Walt Gillette, a philanthropic adviser and fundraiser for WAMU in Washington, D.C., for nearly 14 years, died Jan. 13 from complications stemming from a brain injury caused by a fall. He was 64.
Colleagues knew Gillette for his passion for public radio, his wry wit and a sanguine nature that never waned even during tough fundraising campaigns. His love for music introduced him to his wife, Carol, and remained a constant throughout his life, from the thousands of jazz records he collected to his participation in the Maryland Community Band.
After serving in the Marines, Gillette and his wife moved in 1987 from Japan to Pensacola, Fla., where he found his first job with the American Lung Association. When a fundraising position opened up at WUWF in Pensacola in 1988, Gillette went for it despite his relative naiveté about the world of public radio (and a car stereo that was tuned to the local Top 40 station).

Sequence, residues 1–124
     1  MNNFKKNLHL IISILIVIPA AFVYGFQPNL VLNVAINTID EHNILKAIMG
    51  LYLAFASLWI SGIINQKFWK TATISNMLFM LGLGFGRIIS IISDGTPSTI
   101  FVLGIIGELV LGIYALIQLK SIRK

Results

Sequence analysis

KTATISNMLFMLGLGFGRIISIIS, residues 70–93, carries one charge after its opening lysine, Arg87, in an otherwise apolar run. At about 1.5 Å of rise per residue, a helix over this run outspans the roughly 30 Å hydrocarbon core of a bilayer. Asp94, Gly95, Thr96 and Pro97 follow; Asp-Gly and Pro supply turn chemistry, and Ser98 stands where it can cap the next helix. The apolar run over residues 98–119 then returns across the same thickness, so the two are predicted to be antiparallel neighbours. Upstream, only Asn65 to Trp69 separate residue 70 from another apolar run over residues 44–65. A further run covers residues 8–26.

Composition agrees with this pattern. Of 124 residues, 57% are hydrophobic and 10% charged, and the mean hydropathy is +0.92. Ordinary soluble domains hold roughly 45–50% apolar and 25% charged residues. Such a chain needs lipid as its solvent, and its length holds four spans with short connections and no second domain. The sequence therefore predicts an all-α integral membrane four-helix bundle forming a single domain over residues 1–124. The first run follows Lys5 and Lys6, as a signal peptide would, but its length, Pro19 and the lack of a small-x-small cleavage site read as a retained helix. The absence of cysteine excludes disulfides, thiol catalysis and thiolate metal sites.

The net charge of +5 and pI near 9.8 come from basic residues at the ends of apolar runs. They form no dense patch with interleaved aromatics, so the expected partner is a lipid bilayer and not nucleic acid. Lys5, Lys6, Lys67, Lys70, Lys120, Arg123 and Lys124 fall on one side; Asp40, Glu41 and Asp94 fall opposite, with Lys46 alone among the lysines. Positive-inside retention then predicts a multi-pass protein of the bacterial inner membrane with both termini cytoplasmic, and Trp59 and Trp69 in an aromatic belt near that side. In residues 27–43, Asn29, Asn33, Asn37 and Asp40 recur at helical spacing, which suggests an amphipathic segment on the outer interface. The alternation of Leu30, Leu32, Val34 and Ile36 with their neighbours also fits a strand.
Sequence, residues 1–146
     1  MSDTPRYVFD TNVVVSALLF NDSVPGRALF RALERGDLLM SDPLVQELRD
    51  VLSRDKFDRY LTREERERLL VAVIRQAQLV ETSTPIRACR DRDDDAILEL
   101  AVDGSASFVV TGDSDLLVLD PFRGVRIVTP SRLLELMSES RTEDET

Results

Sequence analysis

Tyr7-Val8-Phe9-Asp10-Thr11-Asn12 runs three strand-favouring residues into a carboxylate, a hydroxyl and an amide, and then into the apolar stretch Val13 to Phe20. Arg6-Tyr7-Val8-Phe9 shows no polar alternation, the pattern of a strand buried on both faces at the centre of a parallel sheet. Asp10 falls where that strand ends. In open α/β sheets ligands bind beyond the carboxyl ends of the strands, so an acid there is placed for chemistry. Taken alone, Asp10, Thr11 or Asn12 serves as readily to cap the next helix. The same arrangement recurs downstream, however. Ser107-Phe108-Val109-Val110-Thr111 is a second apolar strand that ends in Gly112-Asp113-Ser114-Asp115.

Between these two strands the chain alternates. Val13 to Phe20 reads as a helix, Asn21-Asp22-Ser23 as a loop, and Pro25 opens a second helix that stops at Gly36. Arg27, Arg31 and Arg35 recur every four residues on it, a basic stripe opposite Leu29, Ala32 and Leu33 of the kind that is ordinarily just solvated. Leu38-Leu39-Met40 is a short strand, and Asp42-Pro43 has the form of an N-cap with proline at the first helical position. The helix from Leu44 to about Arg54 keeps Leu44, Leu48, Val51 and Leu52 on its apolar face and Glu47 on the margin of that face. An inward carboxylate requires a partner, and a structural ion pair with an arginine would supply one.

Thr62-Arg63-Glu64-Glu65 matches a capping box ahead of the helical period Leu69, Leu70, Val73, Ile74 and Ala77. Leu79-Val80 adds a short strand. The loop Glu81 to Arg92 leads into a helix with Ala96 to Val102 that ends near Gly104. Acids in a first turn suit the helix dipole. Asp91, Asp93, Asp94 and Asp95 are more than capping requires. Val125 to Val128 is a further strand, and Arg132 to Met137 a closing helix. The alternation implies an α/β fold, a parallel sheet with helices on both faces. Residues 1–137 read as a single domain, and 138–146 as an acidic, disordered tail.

“He said, ‘I think I did pretty good in the interview, and I think I might like working for public radio,’” his wife said. “Now I’m thinking what an understatement that was, 30-plus years later.”
Gillette worked as director of development and finance at WUWF, a one-man band that grew into a fundraising team of four full-time staff. As one of his early creative endeavors in fundraising, he helped design a new station logo that would build the station’s brand. The “WUWF Hound” characters graced mugs, some as “news hounds” and “jazz hounds,” and boosted the station’s individual contributions.